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Latitude: 52.5508 / 52°33'2"N
Longitude: -3.9335 / 3°56'0"W
OS Eastings: 268995
OS Northings: 296532
OS Grid: SN689965
Mapcode National: GBR 8Z.DD4D
Mapcode Global: VH4DV.R4VW
Entry Name: Ranger Lodge
Listing Date: 23 November 2004
Last Amended: 23 November 2004
Source ID: 83271
Building Class: Domestic
Location: Situated opposite driveway to Glandyfi Castle.
Traditional County: Cardiganshire
House, remodelled in picturesque Gothic style probably c. 1847 for Edward Jeffreys, son of George Jeffreys of Glandyfi Castle. Marked on 1847 tithe map. The 1841 census does not support a gentry house and the 1833 first draft of the OS map does not show the house, which suggests that it was built from new in the 1840s, but the interiors clearly show that an older house was remodelled. It was a typical double-fronted two-storey farmhouse with outshut rear.
Known also as Glandovey Cottage, Glandwr Lodge or Glandwr before becoming Ranger Lodge by 1901. Occupied in 1851 by Edward Jeffreys, in 1861 by servants, in 1871 by his sister Georgina. Occupied by Captain Mc Bryan 1914, and C.R. Kenyon (at Voelas in 1906) in 1926.
The Glandyfi Castle 1906 sale prospectus says that a large amount of money had been spent on the house c. 1903. It then had a glazed porch and conservatory, drawing room, dining room, two kitchens, pantry and out offices, 5 bedrooms and bathroom.
House, rubble stone with deep-eaved slate roofs, red terracotta ridge tiles and three late C19 brick chimneys. The eaves and verges overhang greatly and have extravagant bargeboards and gable boards, renewed in late C20, giant saw-tooth pattern with applied small wooden lumps in each point, these mostly re-used from the original. Two storeys. Unusual Gothic cross-windows with cusped heads to top lights and small panes, timber lintels. Two upper windows under far-overhanging gables with big cusped bargeboards and applied wooden leaves in cusps, timber panels over windows. Slightly longer windows close-set to left and centre on ground floor, and large late C20 stone porch to right. Heavy Gothic half-glazed door within with traceried panels below, glazed panels above. Timber lintel. Left end wall has overhanging verges with saw-tooth boards, longer to left as rear is outshut, and one similar window each floor to right, set higher than those on front wall. Brick chimney on rear roof slope.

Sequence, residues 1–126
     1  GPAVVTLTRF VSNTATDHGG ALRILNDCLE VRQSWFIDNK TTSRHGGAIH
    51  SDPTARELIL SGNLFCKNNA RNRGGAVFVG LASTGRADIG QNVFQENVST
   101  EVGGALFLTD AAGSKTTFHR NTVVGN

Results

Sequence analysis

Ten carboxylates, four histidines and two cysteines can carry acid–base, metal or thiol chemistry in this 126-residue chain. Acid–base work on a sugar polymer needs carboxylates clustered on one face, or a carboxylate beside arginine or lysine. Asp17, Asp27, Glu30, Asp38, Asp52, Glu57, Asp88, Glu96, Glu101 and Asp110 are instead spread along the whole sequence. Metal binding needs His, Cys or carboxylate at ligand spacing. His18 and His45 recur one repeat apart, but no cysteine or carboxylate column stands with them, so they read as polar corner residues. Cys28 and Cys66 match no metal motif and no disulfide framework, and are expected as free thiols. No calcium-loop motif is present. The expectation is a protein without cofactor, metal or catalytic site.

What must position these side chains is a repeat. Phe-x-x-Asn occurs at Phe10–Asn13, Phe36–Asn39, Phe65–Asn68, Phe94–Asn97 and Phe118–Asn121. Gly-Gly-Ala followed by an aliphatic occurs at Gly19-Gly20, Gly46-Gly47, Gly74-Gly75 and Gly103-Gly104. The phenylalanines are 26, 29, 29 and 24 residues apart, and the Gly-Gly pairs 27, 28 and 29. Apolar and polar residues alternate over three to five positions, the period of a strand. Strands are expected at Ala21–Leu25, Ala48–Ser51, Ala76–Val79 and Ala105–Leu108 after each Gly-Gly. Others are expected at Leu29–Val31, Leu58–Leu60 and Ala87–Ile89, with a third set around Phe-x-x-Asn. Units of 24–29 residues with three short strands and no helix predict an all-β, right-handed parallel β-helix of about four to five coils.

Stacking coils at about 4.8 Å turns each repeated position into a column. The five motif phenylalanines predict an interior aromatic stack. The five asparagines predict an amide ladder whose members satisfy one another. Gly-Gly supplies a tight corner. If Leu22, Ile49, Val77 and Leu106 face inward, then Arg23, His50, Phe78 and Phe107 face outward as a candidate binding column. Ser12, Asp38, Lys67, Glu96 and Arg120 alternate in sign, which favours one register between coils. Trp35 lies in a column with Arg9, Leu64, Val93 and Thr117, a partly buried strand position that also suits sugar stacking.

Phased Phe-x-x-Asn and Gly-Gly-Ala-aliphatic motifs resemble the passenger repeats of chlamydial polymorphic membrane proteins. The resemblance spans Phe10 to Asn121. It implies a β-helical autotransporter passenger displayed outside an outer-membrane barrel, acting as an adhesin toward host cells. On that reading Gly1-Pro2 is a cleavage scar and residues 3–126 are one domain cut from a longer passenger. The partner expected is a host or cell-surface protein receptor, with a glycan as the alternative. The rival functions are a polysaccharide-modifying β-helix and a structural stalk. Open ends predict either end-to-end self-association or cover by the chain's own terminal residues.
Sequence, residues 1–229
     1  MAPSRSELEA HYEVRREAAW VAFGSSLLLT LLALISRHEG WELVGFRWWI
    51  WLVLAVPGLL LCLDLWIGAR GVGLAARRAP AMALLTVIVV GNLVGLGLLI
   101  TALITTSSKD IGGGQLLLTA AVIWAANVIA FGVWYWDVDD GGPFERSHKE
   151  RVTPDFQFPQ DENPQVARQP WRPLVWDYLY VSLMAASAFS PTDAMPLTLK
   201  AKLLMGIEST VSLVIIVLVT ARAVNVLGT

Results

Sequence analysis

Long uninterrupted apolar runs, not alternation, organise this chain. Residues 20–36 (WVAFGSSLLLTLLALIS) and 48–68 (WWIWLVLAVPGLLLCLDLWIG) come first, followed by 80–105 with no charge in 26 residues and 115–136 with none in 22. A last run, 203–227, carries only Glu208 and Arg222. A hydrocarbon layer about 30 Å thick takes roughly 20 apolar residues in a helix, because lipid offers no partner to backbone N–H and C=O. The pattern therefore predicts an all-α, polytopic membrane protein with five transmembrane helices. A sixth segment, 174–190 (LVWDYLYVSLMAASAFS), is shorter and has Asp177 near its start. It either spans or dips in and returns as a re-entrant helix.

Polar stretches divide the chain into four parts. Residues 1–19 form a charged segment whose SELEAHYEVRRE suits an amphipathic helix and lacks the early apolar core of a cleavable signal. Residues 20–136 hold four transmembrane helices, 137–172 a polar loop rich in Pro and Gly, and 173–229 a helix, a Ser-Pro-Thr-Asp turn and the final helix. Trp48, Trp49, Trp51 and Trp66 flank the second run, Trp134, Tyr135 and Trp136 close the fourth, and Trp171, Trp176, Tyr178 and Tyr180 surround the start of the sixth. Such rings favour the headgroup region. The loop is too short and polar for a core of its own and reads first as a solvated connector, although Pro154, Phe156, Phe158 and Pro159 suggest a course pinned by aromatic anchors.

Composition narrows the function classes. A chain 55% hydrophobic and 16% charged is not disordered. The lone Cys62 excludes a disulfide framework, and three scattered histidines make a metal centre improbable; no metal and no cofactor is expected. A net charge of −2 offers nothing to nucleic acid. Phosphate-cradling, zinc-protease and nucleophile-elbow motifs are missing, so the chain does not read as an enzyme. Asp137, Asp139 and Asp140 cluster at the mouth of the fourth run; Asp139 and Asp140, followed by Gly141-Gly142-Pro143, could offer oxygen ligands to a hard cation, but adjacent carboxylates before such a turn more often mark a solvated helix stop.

Range to right of main front under same roof, but probably added c. 1847 has zig-zag eaves board and later C19 timber canted oriel. Ground floor is altered, with C20 conservatory, rebuilt on site of one shown in old photograph. Right end gable has similar renewed zig-zag bargeboards and renewed end chimney. First floor window has massive chamfered slate lintel and slate crude hoodmould over similar Gothic window. Ground floor matching Gothic bay window of 1-2-1 lights with hipped metal-clad roof. Slightly stepped back to right is end of outshut with slate hoodmould over first floor cross window and cruder hoodmould over C20 glazed door.
Rear of outshut is painted rendered to first floor with two small C20 lights, rubble stone ground floor with oak lintel to casement pair. Chimney on roof slope to left. Rear outshut of main house projects further. C20 rendered and two renewed gabled dormers. C20 hipped porch below.
Single-storey range added to S end of main house has centre chimney. Rear links to two-storey outbuilding at right angles with cart entry.
Entrance hall has timber-framed wall to left, of thin timbers, continued to upper floor. Earlier C19 coved cornice on 3 sides. Arched recess on right wall in corner. Narrow late Georgian stair with steeply ramped rail, beaded square balusters and square newels. Room to left has two beams encased in plaster with coved moulding. Six-panel door. Large timber lintel to fireplace. Thick, presumably origially external wall to right of hall with 6-panel door. End room has moulded cornice, C20 chimneypiece. rear of house has two rooms at much lower floor level, oak lintels over entry to right room.
Included as a gentry house with picturesque mid C19 Gothic detail to windows and roof, apparently remodelling older house. The distinctive Gothic detail forms a group with the other estate houses: Glandyfi Castle and Voelas.
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